System or physical access controls
Limit access to systems, data, information, physical documents, offices and assets. The Protective Security Policy Framework sets out the government protective security policies that support this countermeasure.
Why this countermeasure matters
Not controlling access to systems, data, information, physical documents, offices and assets can lead to fraudsters:
- accessing or manipulating systems without authority
- facilitating fraudulent payments
- processing fraudulent requests or claims for themselves or another person
- accessing, manipulating or disclosing official information without authority
- stealing money or physical assets.
How you might apply this countermeasure
Some ways to implement this countermeasure include:
- requiring a log-on ID and password to access systems
- requiring staff to provide an approved business case to receive access to internal systems
- requiring two-factor authentication to access an online account
- restricting access to different parts of a building
- providing access to an online provider system only to registered providers
- stopping staff from accessing online email servers on work computers
- storing classified documents in secure cabinets.
How to check if your countermeasures are effective
Here are some ways to measure the effectiveness of this type of countermeasure:
- confirm controls comply with the Protective Security Policy Framework. This includes security requirements for:
- sensitive and classified information
- access to information
- safeguarding information from cyber threats
- robust ICT systems
- physical security for entity resources
- entity facilities
- obtain and review requirements for who can access systems, data, information, documents or offices
- review procedures for requesting access, confirm the request processes are strong and actively test them if required
- review accesses to confirm only those who require access have the access
- confirm accesses are regularly reported on and reconciled and confirm that this process would identify and remove unneeded access
- undertake testing or a process walk-through to confirm that access controls cannot be avoided
- confirm access controls are consistently applied
- identify how access request and reconciliation processes are communicated
- confirm that someone cannot get past standard process requirements even when subject to pressure or coercion
- confirm the existence of a blacklist/whitelist and that this is regularly reviewed and reconciled
- review any past access breaches to identify how they were allowed to occur
- perform or review the results of technical tests of access controls.
This type of countermeasure is supported by:
Personal and government information is highly sought after by fraudsters and organised criminals. The way data is collected and stored can also change the scale and impact of a potential breach. To better protect personal information, the minimal data required for a transaction should be collected, used and retained. Make sure sensitive or official information cannot leave your entity's network without authority or detection.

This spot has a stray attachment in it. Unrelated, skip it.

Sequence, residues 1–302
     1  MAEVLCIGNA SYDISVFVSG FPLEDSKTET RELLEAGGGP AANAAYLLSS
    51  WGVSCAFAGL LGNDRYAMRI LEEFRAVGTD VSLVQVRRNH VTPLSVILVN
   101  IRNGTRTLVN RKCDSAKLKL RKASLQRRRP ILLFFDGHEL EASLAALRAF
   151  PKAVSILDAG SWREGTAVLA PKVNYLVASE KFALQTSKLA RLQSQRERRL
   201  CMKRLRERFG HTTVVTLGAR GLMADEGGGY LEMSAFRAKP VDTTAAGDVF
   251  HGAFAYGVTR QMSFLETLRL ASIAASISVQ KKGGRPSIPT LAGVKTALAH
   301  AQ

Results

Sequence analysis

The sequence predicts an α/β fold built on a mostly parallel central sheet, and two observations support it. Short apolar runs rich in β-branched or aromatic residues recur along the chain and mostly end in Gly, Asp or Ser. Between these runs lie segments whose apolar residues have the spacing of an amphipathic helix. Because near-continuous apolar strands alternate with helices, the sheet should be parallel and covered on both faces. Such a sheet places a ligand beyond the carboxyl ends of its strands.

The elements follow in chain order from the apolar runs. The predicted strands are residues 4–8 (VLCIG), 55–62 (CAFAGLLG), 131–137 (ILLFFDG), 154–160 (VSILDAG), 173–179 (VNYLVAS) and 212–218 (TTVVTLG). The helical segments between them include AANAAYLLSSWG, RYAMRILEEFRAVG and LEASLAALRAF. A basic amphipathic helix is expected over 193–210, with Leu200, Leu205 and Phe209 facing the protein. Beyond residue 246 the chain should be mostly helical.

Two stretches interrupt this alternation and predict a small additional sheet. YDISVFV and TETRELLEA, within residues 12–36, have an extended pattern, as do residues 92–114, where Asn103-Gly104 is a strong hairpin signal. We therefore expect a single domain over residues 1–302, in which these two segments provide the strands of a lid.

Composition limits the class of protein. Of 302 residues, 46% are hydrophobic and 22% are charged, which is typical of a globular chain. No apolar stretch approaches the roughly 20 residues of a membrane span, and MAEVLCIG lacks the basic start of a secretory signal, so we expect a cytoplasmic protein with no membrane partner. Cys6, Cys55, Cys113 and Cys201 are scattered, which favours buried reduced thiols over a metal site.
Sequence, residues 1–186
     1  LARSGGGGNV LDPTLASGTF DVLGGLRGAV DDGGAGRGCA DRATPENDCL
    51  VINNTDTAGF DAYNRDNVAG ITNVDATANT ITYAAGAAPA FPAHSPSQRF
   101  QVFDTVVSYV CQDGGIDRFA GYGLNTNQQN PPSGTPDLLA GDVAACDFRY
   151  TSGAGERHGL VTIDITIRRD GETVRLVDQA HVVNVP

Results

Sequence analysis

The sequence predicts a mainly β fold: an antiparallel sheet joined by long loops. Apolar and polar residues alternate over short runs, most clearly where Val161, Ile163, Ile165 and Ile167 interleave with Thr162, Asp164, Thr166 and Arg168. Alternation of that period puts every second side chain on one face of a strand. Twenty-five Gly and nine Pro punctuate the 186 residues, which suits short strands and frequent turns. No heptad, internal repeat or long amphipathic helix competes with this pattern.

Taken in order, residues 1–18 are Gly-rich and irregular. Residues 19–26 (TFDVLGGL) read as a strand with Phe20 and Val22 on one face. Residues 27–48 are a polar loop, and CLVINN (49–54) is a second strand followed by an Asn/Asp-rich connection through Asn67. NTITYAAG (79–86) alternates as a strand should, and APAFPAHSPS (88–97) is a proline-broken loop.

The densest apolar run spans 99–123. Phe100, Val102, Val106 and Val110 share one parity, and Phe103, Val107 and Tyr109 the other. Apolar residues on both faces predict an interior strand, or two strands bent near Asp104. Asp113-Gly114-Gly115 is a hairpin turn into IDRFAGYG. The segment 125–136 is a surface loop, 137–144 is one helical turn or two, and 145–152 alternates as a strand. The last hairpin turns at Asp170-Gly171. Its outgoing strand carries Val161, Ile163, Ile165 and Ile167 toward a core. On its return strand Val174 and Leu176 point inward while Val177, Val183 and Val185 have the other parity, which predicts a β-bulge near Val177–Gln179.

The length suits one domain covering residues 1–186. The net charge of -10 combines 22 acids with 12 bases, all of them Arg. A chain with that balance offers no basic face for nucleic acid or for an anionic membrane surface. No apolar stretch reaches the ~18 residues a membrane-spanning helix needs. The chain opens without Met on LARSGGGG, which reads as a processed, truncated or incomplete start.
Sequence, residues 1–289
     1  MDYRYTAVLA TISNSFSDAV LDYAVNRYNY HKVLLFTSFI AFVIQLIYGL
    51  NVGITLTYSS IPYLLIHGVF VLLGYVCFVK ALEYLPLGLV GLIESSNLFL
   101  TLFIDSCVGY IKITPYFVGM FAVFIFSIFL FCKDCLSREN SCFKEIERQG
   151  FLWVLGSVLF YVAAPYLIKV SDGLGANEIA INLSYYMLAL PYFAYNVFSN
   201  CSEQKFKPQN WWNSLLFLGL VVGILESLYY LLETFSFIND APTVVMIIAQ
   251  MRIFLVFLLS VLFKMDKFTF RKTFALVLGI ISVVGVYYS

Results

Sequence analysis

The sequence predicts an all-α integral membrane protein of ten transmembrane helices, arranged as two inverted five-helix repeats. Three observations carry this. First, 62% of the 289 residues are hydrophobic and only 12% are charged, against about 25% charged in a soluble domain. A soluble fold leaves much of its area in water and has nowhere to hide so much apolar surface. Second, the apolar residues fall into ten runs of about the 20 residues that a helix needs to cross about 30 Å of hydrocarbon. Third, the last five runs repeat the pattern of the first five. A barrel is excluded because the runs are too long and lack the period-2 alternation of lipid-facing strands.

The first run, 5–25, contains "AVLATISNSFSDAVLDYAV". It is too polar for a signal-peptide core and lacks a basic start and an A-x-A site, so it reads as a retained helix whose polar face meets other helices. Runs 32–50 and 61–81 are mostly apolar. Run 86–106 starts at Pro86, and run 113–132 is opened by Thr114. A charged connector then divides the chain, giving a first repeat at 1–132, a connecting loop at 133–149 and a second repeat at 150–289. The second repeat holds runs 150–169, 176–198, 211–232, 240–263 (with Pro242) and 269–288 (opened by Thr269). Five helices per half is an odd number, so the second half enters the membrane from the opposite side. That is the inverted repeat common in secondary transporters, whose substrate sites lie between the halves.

Limit and control functionality within systems with user permissions. Assign permissions to users based on specific business needs, such as making high-risk functions limited to specialised users. The Protective Security Policy Framework sets out the government protective security policies that support this countermeasure.
Authenticate customer or third-party identities during each interaction to confirm the person owns the identity record they are trying to access.
Clear eligibility requirements and only approve requests or claims that meet the criteria. This can include internal requests for staff access to systems or information.
Make sure forms or system controls require mandatory information to support claims or requests.
Escalate non-standard requests or claims for further review or scrutiny. Non-standard requests or claims might include those that are late, do not meet normal conditions, include evidence that is difficult to verify (such as from overseas) or are for amounts that are higher than normal.
Apply limits on requests, claims or processes, such as maximum claim amounts or time periods. Enforce these limits using IT system controls.
Set up system prompts and alerts to warn users when information is inconsistent or irregular, which either requires acceptance or denies further actions.
Make sure sensitive or official information cannot leave your entity's network without authority or detection. The Protective Security Policy Framework articulates mandatory information security requirements to maintain the confidentiality, integrity and availability of all official information. Personal and government information is highly sought after by fraudsters and organised criminals. The way data is collected and stored can also change the scale of a potential breach.
Capture video or other electronic evidence of activities to support a fraud investigation and prosecution.